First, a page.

Walmart: The largest US employer is ending mask requirements for fully vaccinated workers.
Amazon: Reportedly, management has announced plans to move toward normal operations.
Microsoft: The company has set dates for some staff to start working some hours at the office.
Just some weeks ago, rates of infection by the Omicron variant spiked to a new record for that strain of COVID. In a knee-jerk response, companies stepped up their policies on mask requirements to meet the skyrocketing threat level. They ordered more testing and canceled plans to have employees working remotely come back to the office. So, the current shift to get workers back on business campuses is a bold change of direction by leadership.

But, this is not the first time for that quick switch. Management throughout the business sector has been vacillating on what to do about COVID precautions — whether to stay the course on the special health and safety enforcements or relax everything. One professional working remotely since the start of the pandemic reportedly said she has received multiple notices from her employer of a mandatory return to the office that was subsequently canceled when the virus rebounded yet again. She described the experience as “like you’re getting whiplash” with so much back and forth, planning, and canceling.

The New Normal in the Post-COVID Work Environment

By now, we’ve all probably heard the analyses of business and industry watchers speculating that the new business normal going forward cannot be like the pre-COVID reality. They cite evidence that many companies plan to have workers continue masking or testing for the foreseeable future. They also note what the working conditions will feel like for the millions of retail and food service employees, (and we could add commercial pavement sweeping services employees), who have stayed on the business frontlines as essential workers from the start of the pandemic.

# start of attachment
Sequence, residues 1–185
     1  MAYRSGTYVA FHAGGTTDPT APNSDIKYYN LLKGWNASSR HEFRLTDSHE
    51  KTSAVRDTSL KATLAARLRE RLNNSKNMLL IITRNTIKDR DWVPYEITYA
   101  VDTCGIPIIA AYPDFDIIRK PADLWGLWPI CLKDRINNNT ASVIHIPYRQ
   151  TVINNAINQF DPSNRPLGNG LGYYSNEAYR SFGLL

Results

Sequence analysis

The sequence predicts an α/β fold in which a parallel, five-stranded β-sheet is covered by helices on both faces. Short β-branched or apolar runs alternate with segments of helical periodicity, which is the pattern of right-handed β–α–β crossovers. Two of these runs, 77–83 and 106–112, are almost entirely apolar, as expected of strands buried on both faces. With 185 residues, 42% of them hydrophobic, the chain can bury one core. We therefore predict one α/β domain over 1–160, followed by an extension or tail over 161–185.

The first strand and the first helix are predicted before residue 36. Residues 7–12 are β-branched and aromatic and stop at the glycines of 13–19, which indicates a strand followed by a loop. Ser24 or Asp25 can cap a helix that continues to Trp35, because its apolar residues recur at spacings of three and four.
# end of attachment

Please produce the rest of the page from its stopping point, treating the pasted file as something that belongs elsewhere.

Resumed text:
Those people have been working with restricted numbers of masked building occupants. Those workers, who have been diligently obeying all the special health rules, are to be surrounded daily by crowds of returning workers and patrons without masks while COVID resurgence is still a risk.

Many business managers now say that lately, they have been reasoning to conclusions about what’s in their organizations’ best interests based more on the impressions they’re getting from the attitudes of their employees and customers. They seem to see those observable responses to the circumstances as more reliable indicators of upcoming activity than how and what other businesses in their area are doing. They’re reportedly even leaning more on those signals than on the best science-based speculations about the direction the COVID numbers may take over the remaining quarters of 2022.

Maybe their instincts are right, or not. They’re acting on the age-old business adage: when in doubt, do something. How should that approach be expected to play out in market and operations environments riddled with COVID variables? Again, the most that can be said with a high degree of confidence is that time will tell.

Resources

https://www.usnews.com/news/business/articles/2022-02-15/companies-revert-to-more-normal-operations-as-covid-wanes
https://www.cdc.gov/coronavirus/2019-ncov/covid-data/covidview/index.html
https://abc7ny.com/companies-covid-return-normal/11570509/
https://www.reuters.com/business/retail-consumer/us-retail-sales-beat-expectations-january-december-figures-revised-lower-2022-02-16/
https://www.usnews.com/news/business/articles/2021-03-16/february-retail-sales-fall-3-after-soaring-the-month-before

Sources

https://www.cdc.gov/coronavirus/2019-ncov/covid-data/covidview/index.html
https://www.usnews.com/news/business/articles/2022-02-15/companies-revert-to-more-normal-operations-as-covid-wanes
https://www.reuters.com/business/retail-consumer/us-retail-sales-beat-expectations-january-december-figures-revised-lower-2022-02-16/
https://www.usnews.com/news/business/articles/2021-03-16/february-retail-sales-fall-3-after-soaring-the-month-before